Well many people seem to be making false assumptions about me, due to the reality that I have been accused of “making free of the space while taking no responsibility whatsoever for anything that may happen there” and that “Neither the Executor nor Sedley's daughters are in a position to authorise the occupation of, or the holding of any gathering, at the property.”. The “space” mentioned, 591 Whaletown Road, is a place I have lived in, and cared for, over most of the last two decades at which I am still the official resident and occupant. So, I thought it made sense to get more accurate information out into the community.
Unabridged statements by me can be found in today’s Cortes Marketer
As you may know, for a long time my late husband Sedley and I have wanted to see a community common, a little downtown for Whaletown, occur on this property where Trude’s Café has stood.
Let’s start with Trude-Fest. The rain held off, the sun came out and even the wasps stayed away. It was close to perfect. In my eighties, by necessity, I’m learning to be a public speaker, but I still struggle with what to say when I am holding a mike. Oh Well!
Many of the performers also played Cortes Day, but we had a duo all the way from Revelstoke on stage. One of our messages to folks from far away was to do the same thing that we are wherever they live. Grab a piece of land in the middle of town and build community there. Times are getting tougher and we need central places to meet and work and play in order to have a strong community and support each other.
Some people don’t understand why I would hold a “micro-festival” as a fundraiser – lots of work, not so much money. It actually did fairly well money-wise netting just under $2800 in cash and pledges (after deducting $521 in expenses). Still, this event, more than anything else, was an outreach to the younger generation and a chance for them to show up and participate in meaningful ways.
I’m not so old and foolish to think the younger members of the community have as deep pockets as older folks, but I value $20 from a twenty-year-old almost as much as I value $10,000 from a sixty-year-old. That new adult probably gave up a greater percentage of their “net worth”. So, while auctions, fancy soirees (Trude’s Eve coming up Oct 17 at Gorge Hall) and visioning sessions get me closer to my fundraising targets, my community building targets demand a time for young mothers to let their children run free on the green grass out back. It was great to hear people gush about the “natural amphitheatre” that exists back there and how perfect it is for community gatherings.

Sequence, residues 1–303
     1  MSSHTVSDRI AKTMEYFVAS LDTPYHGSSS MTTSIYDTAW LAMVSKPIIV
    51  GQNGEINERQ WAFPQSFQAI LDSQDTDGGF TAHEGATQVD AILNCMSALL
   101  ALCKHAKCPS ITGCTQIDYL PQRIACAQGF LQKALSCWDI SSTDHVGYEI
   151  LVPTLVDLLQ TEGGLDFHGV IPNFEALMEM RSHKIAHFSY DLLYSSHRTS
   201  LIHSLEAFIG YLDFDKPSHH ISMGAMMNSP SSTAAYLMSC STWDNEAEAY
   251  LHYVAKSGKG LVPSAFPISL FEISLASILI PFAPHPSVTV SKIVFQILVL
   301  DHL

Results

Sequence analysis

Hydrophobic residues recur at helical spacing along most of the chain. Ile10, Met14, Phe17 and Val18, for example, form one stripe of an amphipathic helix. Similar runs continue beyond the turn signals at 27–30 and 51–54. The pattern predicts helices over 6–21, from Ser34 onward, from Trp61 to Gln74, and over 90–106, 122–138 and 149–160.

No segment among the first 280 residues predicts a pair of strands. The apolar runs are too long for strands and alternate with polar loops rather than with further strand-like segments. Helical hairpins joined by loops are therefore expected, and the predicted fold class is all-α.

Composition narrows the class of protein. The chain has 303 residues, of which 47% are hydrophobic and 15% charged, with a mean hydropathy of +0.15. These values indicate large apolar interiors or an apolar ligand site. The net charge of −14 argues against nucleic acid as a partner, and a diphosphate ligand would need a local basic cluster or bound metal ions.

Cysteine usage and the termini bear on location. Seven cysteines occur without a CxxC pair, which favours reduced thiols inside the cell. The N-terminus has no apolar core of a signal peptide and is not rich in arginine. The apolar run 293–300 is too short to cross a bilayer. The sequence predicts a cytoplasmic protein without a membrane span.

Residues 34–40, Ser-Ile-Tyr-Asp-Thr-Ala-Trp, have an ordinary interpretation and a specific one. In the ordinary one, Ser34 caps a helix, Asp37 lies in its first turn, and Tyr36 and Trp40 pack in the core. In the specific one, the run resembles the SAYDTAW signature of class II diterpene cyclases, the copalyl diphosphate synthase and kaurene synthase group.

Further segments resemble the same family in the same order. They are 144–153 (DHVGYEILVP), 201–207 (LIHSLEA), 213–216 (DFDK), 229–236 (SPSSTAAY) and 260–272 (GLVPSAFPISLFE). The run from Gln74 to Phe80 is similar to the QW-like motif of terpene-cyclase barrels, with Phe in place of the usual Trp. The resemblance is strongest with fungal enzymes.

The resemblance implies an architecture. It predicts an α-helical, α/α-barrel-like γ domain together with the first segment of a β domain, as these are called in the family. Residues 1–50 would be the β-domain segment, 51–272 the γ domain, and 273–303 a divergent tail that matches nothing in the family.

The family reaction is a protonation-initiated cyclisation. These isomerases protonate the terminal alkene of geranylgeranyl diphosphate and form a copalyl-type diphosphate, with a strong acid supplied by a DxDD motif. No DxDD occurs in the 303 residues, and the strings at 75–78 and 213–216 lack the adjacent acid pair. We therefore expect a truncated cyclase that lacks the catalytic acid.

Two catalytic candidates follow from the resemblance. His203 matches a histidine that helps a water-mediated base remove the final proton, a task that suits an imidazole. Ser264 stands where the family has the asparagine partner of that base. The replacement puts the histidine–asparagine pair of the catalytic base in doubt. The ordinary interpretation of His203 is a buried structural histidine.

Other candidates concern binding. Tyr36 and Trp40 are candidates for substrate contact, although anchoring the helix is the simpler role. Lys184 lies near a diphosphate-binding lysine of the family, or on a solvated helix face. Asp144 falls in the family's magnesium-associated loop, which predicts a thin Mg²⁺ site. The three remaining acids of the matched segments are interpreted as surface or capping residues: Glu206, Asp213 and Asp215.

In less than a month, my team has brought in $21,290 in pledges towards the purchase of the property. That’s officially just over 20% of the purchase price. It’s a good beginning. As I have been telling folks, if you give cash, we may spend it on expenses (like event insurance), but the pledges are for purchase and post purchase expenses only.
We also have raised $2470.75 in cash, but more than half of it is gone. Our greatest expense by far has been dealing with the executor of Sedley’s estate, Roger Purdy. Between lawyer’s fees, event insurance and a full page explanation in the Marketer, we have spent over $1000. Obviously, it is what we needed to do to get this far, and hopefully all of this unpleasantness is now in the past.
Some people want to know why we are trying to raise $140,000 when the purchase price is only $105,000. Well, past the closing costs, we are looking for $25,000 to $30,000 as part of an initial “roll out”. Here’s some big news. I’m in negotiations with Helene Racine, the postmistress in Whaletown, to have the Whaletown Post Office move to the property in the spring. Helene has said she is in favour of the move and it looks like a strong possibility it will happen. So, we want a bit of money to build a couple of simple small “micro-commercial” units (simple 8’x16’ trailers) to put beside the post office.
If we run short on fundraising for purchase, this will position us to get a small private mortgage here on the island (which now that I have announced it, may be conditionally agreed upon soon – call me if you want to help out there), as the property will have year round rental income available to make modest monthly payments. It also means my espresso machine will be running again – hot coffee in the winter anyone? Also, we want to have space for local entrepreneurs to interact with the tourists that come to the marina (the properties back on to each other – it will be maybe a three minute walk from the store to the post office) during the summer. This isn’t just meant to be a park.
Indeed, at the Trude-Vision event another neighbour starting talking about how the banks aren’t giving meaningful interest and then he said “Why not invest in Whaletown?”, and already a few people including an architect are considering a plan (after the purchase) to replace the old building soon with local money, local material and local labour. That’s the spirit. Let’s do this thing right. Full speed ahead!
Please contact me at 250 935 0193 (you’ll have to yell as I am more than a bit deaf) or better email me at trude1256icloud.com, if you have any questions or want to help me acquire this land for the community.